Offensive and Defense Guide

Another football season is upon us, which means college football and NFL fans will be spending hours in front of the TV each week watching their favorite teams play. But there are new fans entering the sport every season, and they may not be up to date with everything that is going on in the games. For those new to the game or for fans who want a reminder of the different positions and roles in football, here’s an introduction to who’s who on the pitch, so you can better understand the games you watch and the NFL positions. .

Philadelphia Eagles quarterback Nick Foles (9) passes the Dallas Cowboys in the second quarter after replacing Michael Vick, who suffered a concussion at Lincoln Financial Field. Rodger Mallison / Fort Worth Star-Telegram / Tribune News Service via Getty Images

Each NFL team has 11 players on the field for each game, with each player at a specific position. Each team has three different games that play in different situations. The offense is on the court for the team that has the ball and tries to score a touchdown. Defense is the team that tries to prevent the opposing attack from scoring. Special teams consist primarily of the kicking game and are on the field for field goal attempts, punters, and kickoffs.

For many football fans attack is more important than defense, as this is when the majority of scores occur. Offensive stars are usually the best-known players on their teams and earn the most money. The American Football Database describes positions on the field. The quarterback is the centerpiece of the offense. As the player passing the ball, he is usually the signalman who transmits the chosen game to his teammates. He is protected by the offensive line, whose main task is to block defenders to give the quarterback time to pass.

The offensive line includes the center, which sends the ball to the quarterback or another player; he is the only player to touch the ball in each offensive play. The line also includes offensive guards, which line up next to the center, and tackles, which line up outside the line.

The quarterback is considered a skill position, a group that also includes wide receivers, tight ends, running backs, and full-backs. All of these players are responsible for helping block when not involved in the game. Receivers and tight ends are primarily involved in the passing game, catching quarterback passes. The full-backs also sometimes catch passes, but their main role is to get the ball to run on the ground.

Full-backs are becoming less and less common in the NFL – but when a team uses one, it’s typically used as a powerful runner when a team needs a short distance. The offensive coordinator directs the offense and, together with the head coach, determines the team’s offensive strategy and calls games during matches.

Defense is not as “sexy” as offense, but preventing the other team from scoring is important work. As in attack, there is a defensive line made up of defensive ends and defensive tackles, also called guards. The line’s job is to rush the passer or quickly stop the runner on rushed plays.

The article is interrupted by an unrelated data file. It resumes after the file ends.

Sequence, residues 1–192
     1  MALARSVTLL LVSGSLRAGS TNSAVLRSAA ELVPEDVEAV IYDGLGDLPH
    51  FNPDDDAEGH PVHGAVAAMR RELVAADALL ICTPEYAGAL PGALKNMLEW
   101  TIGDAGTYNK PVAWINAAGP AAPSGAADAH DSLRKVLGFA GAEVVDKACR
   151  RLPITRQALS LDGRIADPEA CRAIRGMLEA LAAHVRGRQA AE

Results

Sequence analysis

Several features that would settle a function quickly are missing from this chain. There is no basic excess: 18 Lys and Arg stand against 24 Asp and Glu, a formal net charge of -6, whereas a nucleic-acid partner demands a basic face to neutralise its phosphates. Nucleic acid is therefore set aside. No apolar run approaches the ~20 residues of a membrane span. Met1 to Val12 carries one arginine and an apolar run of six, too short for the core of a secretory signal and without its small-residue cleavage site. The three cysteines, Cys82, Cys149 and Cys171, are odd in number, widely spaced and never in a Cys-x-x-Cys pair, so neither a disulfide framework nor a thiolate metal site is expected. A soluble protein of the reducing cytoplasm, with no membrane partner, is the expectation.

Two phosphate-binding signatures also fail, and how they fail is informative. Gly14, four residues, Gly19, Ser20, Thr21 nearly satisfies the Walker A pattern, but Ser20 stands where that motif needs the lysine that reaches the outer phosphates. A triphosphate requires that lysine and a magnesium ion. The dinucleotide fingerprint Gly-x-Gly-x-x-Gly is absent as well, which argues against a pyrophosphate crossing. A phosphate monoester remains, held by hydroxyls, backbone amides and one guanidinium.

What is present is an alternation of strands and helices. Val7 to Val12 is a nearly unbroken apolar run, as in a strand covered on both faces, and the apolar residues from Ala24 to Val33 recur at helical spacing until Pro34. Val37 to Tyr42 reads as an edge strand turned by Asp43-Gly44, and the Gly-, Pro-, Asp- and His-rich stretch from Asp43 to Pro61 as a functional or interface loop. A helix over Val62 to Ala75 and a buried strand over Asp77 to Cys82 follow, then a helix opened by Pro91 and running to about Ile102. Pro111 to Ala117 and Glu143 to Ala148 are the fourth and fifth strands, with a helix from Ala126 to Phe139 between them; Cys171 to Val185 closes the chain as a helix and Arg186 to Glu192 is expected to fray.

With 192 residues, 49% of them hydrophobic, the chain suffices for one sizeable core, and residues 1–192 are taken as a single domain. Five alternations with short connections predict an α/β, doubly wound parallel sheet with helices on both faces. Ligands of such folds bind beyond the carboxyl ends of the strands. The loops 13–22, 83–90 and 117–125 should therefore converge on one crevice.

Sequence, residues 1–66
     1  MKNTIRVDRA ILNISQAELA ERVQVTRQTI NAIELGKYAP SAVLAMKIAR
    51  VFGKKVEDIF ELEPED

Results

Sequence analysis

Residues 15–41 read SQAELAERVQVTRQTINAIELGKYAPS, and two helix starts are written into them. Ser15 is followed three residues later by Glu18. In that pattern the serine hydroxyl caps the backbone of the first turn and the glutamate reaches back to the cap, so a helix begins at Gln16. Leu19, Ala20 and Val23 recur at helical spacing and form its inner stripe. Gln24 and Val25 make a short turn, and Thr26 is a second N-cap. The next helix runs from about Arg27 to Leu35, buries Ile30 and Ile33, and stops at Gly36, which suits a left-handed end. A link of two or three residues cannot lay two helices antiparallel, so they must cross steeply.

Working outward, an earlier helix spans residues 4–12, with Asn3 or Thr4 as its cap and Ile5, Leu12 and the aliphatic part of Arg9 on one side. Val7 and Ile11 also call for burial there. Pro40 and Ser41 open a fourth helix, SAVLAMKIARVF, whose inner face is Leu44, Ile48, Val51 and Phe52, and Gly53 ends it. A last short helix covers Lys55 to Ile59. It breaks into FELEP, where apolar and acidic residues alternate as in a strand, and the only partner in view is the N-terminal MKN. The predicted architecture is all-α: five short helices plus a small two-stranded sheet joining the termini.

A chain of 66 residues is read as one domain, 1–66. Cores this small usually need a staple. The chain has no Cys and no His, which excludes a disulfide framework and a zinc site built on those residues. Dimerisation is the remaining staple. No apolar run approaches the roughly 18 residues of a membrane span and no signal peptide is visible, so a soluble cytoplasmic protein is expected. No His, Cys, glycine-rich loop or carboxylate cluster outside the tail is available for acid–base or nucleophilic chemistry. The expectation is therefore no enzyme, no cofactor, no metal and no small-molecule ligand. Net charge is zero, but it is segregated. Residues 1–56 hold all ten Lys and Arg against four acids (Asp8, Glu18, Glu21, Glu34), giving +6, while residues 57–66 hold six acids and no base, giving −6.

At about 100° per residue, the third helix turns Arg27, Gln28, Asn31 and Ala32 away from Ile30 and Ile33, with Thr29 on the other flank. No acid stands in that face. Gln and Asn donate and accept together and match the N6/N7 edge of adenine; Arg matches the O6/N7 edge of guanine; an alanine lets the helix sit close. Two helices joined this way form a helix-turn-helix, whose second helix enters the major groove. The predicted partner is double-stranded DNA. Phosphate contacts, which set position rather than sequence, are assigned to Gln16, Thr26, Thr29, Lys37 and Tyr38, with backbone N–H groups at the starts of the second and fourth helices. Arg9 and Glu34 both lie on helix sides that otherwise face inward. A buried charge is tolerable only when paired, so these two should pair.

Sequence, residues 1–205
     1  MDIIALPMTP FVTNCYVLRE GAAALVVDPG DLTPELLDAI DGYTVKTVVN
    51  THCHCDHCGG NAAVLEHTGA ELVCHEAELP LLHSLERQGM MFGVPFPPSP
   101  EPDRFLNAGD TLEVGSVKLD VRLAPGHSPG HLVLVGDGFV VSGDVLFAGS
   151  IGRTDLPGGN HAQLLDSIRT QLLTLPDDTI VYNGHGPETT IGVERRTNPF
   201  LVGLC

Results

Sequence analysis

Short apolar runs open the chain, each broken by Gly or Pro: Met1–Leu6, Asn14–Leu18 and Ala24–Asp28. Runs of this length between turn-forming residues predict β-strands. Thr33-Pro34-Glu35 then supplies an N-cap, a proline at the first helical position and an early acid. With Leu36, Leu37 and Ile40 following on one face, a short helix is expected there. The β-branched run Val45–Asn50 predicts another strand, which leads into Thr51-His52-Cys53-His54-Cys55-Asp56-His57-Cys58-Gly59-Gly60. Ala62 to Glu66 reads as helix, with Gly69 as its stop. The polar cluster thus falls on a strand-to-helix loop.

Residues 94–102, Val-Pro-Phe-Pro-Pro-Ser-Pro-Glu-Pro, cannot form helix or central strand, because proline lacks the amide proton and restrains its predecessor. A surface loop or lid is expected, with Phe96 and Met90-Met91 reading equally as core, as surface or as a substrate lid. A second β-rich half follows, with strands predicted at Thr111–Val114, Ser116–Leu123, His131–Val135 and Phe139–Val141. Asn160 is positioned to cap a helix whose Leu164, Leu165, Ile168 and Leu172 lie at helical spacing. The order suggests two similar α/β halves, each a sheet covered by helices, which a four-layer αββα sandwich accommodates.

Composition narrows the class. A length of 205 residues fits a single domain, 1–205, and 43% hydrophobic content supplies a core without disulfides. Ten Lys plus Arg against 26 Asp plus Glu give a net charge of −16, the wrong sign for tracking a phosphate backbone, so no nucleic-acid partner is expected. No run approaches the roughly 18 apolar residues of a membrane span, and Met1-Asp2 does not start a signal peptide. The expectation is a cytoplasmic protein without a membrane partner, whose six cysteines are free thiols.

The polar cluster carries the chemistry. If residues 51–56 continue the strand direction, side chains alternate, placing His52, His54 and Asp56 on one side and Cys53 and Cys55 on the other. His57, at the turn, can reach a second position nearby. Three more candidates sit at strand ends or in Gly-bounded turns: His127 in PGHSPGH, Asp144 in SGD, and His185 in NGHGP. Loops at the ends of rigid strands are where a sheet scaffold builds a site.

The nose guard lines up in front of the center and is responsible for stopping races in the middle or helping opposing players overtake the team. The linebacker sits behind the line and is sort of a jack-of-all-trades in defense. He will rush the passer, defend the receivers or stop the runner depending on the defensive play.

There are also cornerbacks and safeties, which are collectively secondary. The secondary settles further down the field, with the safeties furthest from the game. The cornerbacks cover the receivers and, if they can, try to intercept the passes for the turnovers. Safeguards are the last line of defense in defense and they usually help cornerbacks cover receivers on deep passes.

The defensive back is not a specific position and can be any defender who is not on the line. As with the offense, the defense is led by the defensive coordinator, who calls games on that side of the ball.

Special teams

The third unit of an NFL team is made up of special teams. The long snapper is a specialized center that sends the ball directly to the holder or the bettor. The incumbent, who is usually a quarterback or reserve kicker, puts the ball on the ground and holds it for the kicker during a kickoff or field goal attempt. The bettor is responsible for returning the ball to the other team when his attack fails to score from a drive.

A backback is a blocking back that settles behind the line of scrimmage on punters to give the bettor additional protection. The shooter runs quickly across the field on kickoffs and pitches in an attempt to tackle the ball carrier, who is a punt turner on a punt or kick return on a punt sending. The corner breaker is tasked with sprinting down midfield on kickoffs, trying to prevent the returner from having an open lane through which to run.

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